Monday, February 17, 2014


Wes Craven, 1978
Starring: Linda Blair, Lee Purcell, Jeremy Slate

A happy-go-lucky teenager, Rachel, has her life turned upside-down when her recently orphaned cousin Julia comes to live with her family in California. Everyone else takes pity on Julia and comes to love her, but Rachel notices a number of strange things. Julia lived in Massachusetts and spends occasional summers in the Ozarks, but has a thick accent. She begins ingratiating herself in Rachel’s life, stealing away the attention of Rachel’s parents and older brother, and soon outright stealing Rachel’s boyfriend and best-friend. One day before a local dance, Rachel wakes up with boils and soon her beloved horse – who Julia hates – has a nasty fall and has to be put down. Rachel finds suspicious things in Julia’s possession, including a tooth, a picture of Rachel, and a creepy doll-like figure made out of her horse’s hair. She is soon convinced Julia is a witch, but who will believe her?

Stranger in Our House – later released as Summer of Fear – is an odd ‘70s horror medley, in the sense that it’s a made-for-TV movie, was directed by then up-and-coming horror maverick Wes Craven, starred The Exorcist’s Linda Blair, and clearly took some inspiration from Roman Polanski.

I feel a little bad that I’ve thus far left Wes Craven out of my ‘70s horror review series. Though his career would really take off in the ‘80s, in the ‘70s he directed two of his most important films, Last House on the Left (1972) and The Hills Have Eyes (1977), as well as this made for TV movie. I didn’t include the two former films in my series simply because I don’t like them. Though I’m very fond of Craven’s Nightmare on Elm Street series and The Serpent and the Rainbow, I don’t really care for any of his other “classics.” I was pleasantly surprised by Stranger in Our House, partly because it’s so cheesy and ridiculous. It doesn’t try too hard to be shocking or clever, unlike many of Craven’s other films, and is a nice little snapshot of its time.

Based on a young-adult novel from Lois Duncan, The Summer of Fear, Duncan also wrote the source material for I Know What You Did Last Summer. Because this is from a young-adult book and was made for television, there is very little violence outside from horse-related shenanigans, but the ending takes a turn for the wild and crazy, involving a incest, a car chase and explosion, among other things. Despite a number of flaws, it’s an entertaining thriller, worth watching for the verbal catfights between Blair and Purcell and the perms. OH THE PERMS. There are actually battling perms. There are a number of interesting, if increasingly obvious events that clue Rachel in to her cousin’s aims and Linda Blair is thoroughly believable, if a bit annoyingly chipper throughout the film.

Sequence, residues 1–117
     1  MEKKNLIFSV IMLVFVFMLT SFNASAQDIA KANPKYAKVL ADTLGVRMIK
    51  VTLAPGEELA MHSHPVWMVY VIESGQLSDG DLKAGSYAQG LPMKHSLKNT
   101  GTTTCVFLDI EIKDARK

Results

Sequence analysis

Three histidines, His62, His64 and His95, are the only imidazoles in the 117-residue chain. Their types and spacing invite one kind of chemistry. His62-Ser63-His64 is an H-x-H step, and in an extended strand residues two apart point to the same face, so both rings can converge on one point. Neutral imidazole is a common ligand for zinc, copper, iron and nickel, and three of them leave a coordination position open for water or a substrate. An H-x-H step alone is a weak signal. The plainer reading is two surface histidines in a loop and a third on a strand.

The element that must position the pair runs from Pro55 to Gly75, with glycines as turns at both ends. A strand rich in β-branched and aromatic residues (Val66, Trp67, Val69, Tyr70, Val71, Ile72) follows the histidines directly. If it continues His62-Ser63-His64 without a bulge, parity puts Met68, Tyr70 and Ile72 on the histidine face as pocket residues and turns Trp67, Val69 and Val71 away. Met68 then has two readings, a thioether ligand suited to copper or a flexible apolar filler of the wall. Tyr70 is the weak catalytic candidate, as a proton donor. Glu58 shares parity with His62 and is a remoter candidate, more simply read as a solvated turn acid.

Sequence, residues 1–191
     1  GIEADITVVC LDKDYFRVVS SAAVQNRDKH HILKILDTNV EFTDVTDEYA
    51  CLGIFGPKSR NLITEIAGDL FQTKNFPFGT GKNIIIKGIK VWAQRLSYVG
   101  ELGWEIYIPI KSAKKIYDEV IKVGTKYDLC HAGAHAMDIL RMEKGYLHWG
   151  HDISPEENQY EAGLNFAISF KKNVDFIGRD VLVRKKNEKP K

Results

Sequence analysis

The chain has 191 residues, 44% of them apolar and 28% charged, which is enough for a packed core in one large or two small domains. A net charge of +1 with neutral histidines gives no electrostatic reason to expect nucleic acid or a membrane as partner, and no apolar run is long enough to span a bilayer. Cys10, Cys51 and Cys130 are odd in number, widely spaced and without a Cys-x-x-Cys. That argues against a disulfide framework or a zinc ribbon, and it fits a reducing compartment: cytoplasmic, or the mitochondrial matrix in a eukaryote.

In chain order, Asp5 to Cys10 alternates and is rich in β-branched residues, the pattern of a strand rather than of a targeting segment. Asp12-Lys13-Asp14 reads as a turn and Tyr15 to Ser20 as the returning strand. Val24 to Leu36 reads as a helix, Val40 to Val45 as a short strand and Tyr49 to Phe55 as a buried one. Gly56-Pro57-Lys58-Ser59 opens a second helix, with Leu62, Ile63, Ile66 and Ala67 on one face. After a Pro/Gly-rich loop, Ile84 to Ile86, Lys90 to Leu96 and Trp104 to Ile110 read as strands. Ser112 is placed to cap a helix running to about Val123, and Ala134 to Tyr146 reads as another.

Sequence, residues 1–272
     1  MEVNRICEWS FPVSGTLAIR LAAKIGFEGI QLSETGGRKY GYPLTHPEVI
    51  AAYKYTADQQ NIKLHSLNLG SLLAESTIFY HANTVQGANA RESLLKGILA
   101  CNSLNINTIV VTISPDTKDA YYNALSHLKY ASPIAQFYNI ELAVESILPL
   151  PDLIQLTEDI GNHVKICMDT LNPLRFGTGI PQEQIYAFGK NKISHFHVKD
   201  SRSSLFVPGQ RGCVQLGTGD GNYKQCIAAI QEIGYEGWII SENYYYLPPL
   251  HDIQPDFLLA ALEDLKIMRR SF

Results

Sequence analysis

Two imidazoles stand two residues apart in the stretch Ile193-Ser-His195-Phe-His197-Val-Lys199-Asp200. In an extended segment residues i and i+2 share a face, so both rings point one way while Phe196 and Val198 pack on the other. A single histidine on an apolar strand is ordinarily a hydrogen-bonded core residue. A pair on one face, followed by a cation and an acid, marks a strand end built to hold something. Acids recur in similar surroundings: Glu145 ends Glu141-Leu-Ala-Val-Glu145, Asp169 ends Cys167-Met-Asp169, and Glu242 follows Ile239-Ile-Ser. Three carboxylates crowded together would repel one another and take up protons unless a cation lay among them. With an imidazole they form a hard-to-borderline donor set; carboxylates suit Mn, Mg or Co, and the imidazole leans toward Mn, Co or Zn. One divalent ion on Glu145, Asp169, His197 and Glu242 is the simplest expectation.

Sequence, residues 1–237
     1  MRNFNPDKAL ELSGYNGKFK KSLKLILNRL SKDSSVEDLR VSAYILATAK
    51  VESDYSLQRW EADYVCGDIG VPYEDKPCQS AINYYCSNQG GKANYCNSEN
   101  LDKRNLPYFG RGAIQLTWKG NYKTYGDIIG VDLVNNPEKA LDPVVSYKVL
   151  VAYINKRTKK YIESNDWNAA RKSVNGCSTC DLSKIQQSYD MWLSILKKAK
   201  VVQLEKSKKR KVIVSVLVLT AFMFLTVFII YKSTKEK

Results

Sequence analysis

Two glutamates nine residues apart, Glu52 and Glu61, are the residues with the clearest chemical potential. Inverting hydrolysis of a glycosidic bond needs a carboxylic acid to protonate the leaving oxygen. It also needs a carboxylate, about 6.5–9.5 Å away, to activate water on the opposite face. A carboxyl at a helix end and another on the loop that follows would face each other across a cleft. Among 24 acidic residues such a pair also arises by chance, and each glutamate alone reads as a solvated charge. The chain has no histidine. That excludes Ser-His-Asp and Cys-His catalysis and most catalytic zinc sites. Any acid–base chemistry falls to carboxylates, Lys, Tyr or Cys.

Lee Purcell (also a witch in Orson Welles’ Necromancy) is excellent as Julia, though it would be nice to have more scenes of her cat-fighting with Linda Blair – maybe some hair-pulling and clothes-ripping. There’s another amusing performance from a very young Fran Drescher (The Nanny), as well as some B actors like Jeff East (Superman, Wes Craven’s Deadly Blessing), Billy Beck (Invitation to Hell), John Steadman (The Hills Have Eyes), and Beatrice Manley (The Baby).

If you really want to see The Stranger in Our House aka Summer of Fear, it is
available on DVD
after decades of being unavailable. It’s nothing too original or exciting, but it is pretty entertaining. Fans of B-grade ‘70s horror will want to watch it at least once for the incredibly awful perms and hilarious teenager dialogue. 

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